Americans don’t trust “their” government

This is a revolutionary situation; or could be, if people stop to think about it.

Hence the slo-mo crackdown on the Internet, the crackpot propaganda tarring Bernie Sanders and Jill Stein as "Russian trolls," the militarization of police (who won't be giving up their AR-15s), and other signs of elite desperation.  


From the Pew Research Center, November, 2015:

Trust in government: 1958-2015

The public’s trust in the federal government continues to be at historically low levels. Only 19% of Americans today say they can trust the government in Washington to do what is right “just about always” (3%) or “most of the time” (16%).

Trust - 1Fewer than three-in-ten Americans have expressed trust in the federal government in every major national poll conducted since July 2007 – the longest period of low trust in government in more than 50 years. In 1958, when the American National Election Study first asked this question, 73% said they could trust the government just about always or most of the time.

The erosion of public trust in government began in the 1960s. The share saying they could trust the federal government to do the right thing nearly always or most of the time reached an all-time high of 77% in 1964. Within a decade – a period that included the Vietnam War, civil unrest and the Watergate scandal – trust had fallen by more than half, to 36%. By the end of the 1970s, only about a quarter of Americans felt that they could trust the government at least most of the time.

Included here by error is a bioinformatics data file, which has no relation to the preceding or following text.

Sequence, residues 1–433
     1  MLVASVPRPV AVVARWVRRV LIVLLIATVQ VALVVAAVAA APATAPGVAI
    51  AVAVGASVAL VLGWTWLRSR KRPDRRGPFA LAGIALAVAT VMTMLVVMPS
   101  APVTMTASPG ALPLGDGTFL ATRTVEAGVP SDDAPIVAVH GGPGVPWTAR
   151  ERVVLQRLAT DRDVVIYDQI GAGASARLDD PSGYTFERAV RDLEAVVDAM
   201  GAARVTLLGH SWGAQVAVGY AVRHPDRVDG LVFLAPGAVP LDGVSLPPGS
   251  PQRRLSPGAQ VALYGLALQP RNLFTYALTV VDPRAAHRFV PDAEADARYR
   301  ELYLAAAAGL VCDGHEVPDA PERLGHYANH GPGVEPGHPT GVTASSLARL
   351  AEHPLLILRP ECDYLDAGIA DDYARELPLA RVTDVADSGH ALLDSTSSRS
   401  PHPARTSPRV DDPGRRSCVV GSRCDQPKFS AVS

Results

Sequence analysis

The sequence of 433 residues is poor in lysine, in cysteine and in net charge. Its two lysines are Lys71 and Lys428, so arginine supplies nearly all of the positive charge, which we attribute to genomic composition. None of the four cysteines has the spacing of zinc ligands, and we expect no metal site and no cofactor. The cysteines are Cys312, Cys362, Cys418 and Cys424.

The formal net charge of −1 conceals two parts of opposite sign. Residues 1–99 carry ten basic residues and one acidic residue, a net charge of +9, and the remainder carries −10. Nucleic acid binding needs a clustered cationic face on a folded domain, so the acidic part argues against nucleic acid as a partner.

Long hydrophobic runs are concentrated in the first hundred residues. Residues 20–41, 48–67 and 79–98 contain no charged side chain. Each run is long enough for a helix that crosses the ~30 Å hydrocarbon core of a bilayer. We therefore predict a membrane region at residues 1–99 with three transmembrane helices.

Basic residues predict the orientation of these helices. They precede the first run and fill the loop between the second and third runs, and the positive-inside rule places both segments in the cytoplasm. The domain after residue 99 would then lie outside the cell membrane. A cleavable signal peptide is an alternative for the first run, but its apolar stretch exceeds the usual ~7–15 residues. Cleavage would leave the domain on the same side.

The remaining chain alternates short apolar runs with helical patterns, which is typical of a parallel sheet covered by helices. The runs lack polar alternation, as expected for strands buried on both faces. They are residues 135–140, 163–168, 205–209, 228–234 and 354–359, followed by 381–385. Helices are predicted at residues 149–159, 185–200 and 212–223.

Trust in government rebounded in the 1980s before falling in the early to mid-1990s. But as the economy boomed in the late 1990s, confidence in government increased. And in 2001, the 9/11 terror attacks on the United States transformed public attitudes on a range of issues – including trust in government.

In early October 2001, a month after the attacks, 60% said they could trust the government, roughly double the share earlier that year and the highest percentage expressing trust in government in more than 40 years. But the rise in government trust was short-lived – by the summer of 2002, the share saying they could trust the government had tumbled 22 percentage points.

Amid the war in Iraq and economic uncertainty at home, trust in government continued to decline. By July 2007, trust had fallen to 24%. Since then, the share saying they can trust the federal government has generally fluctuated in a narrow range, between 20% and 25%.



Where I’ve been

As longtime followers of News from Underground, you've surely noticed that my output dropped dramatically about 18 months ago, with only intermittent pieces since (though I've been more prolific recently). I'm writing now to tell you why this happened, and what I'm trying to do about it now. 

As some few of you know, I have been sick for several years—to be precise, since the summer of 2011, when I first noticed the symptoms of an illness that just kept on getting worse: physical fatigue, mental fog, numbness in the feet and hands, insomnia, blurred vision, and a range of other problems that suggested neurological disease. 

That's what I was told by specialists all over Manhattan, then at the Mayo Clinic, then at the Sophia Health Institute in Seattle (an "alternative" outfit). My medical travels also took me down to Cuba for a bout of plasmapheresis (which my latest neurologist prescribed, but which United Healthcare initially refused to cover, so I trekked down there, where it was cheaper); and, as well, I consulted several highly-recommended (and yet wholly useless) "healers" of all kinds.